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> -----Original Message-----
> From: []
> On Behalf Of William C. Bubel
> Sent: zondag 29 januari 2012 21:12
> To: Lua mailing list
> Subject: Re: Why isn't Lua more widely used?
> On 01/28/2012 02:47 PM, Steve Litt wrote:
> > I think the reason Lua's popularity distantly trails its quality and
> > utility is because what is available in Lua's LuaRocks is nowhere
> near
> > the maturity and utility of CPAN or the equivalent facilities for
> > Python and Ruby.
> It would probably make an interesting exercise to see what are the most
> highly used CPAN modules and compare against LuaRocks to see which
> equivalents are missing. I'm sure there are probably a few modules that
> could be classified as low-hanging fruit, and trivially ported or
> otherwise created.
> Not that I personally feel like it would make a dent in Lua's lack of
> popularity, nor should it since Lua's primary merits have been in its
> small size.

I often feel that every project starts by reinventing everything in Lua.
This doesn't necessarily mean writing all the code, but a lot of cutting and
pasting to build the basic library set for that specific project. Especially
for embedded stuff you wouldn't want it otherwise, because you want to
retain the small footprint. But if you're using Lua on a PC or anything
other with plenty power, who cares? I'm running Lua for windows, coming in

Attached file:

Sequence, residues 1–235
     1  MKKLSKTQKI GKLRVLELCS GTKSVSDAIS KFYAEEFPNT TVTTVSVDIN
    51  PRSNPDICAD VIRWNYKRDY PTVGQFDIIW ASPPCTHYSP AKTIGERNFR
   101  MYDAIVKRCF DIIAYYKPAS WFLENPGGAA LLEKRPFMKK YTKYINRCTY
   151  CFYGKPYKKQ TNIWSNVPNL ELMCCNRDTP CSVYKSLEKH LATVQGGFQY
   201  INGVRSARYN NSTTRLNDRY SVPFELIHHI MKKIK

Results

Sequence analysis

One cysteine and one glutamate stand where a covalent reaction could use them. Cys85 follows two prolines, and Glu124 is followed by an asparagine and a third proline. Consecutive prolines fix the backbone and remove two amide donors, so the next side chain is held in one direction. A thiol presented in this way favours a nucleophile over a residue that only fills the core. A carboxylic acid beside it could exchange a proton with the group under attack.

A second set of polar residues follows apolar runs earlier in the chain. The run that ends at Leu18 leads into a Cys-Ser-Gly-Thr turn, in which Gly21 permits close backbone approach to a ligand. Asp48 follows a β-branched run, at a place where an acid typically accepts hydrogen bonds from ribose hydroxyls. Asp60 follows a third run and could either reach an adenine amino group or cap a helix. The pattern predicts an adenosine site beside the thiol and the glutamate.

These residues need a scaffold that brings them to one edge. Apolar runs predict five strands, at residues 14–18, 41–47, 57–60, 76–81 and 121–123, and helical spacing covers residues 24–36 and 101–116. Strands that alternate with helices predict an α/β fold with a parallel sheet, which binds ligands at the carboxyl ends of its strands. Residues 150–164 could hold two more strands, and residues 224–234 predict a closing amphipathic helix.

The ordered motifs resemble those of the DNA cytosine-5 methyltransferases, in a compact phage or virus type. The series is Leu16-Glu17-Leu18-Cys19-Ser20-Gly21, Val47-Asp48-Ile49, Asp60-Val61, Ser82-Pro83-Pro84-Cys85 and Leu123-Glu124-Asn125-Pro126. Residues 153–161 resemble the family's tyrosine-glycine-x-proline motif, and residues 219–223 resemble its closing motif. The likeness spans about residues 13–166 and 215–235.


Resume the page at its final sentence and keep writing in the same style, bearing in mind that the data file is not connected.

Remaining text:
at roughly 25mb if I'm correct, use probably less than 5% of all that and
couldn't care less.

I think Lua would benefit from a standard set of optional libraries that
extend it with common functionality (at least I would welcome it), so it
would allow you to either choose the barebones or the fullservice model. But
without somewhat stronger steering there won't be anything like that. The
community, friendly as it is, also is very academical with strong opinions
on what's wrong and what's right, so it is hard to get a consensus
especially on a broad topic as this. Also this post; no critique intended,
it is what it is and I'm a happy user, it's just how human group dynamics
tend to work.

Re-reading this before posting; if there would be a standard set of
libraries, then (over time) probably everything else would be build on top
of that. So the current Lua landscape with many small independent (!)
libraries would disappear. This would make it a lot harder to retain the
small footprint, because grabbing some libraries you need would also require
resolving/including several dependencies and then you would still end up
with a much larger footprint because of that. And I don't really think I
would like that either.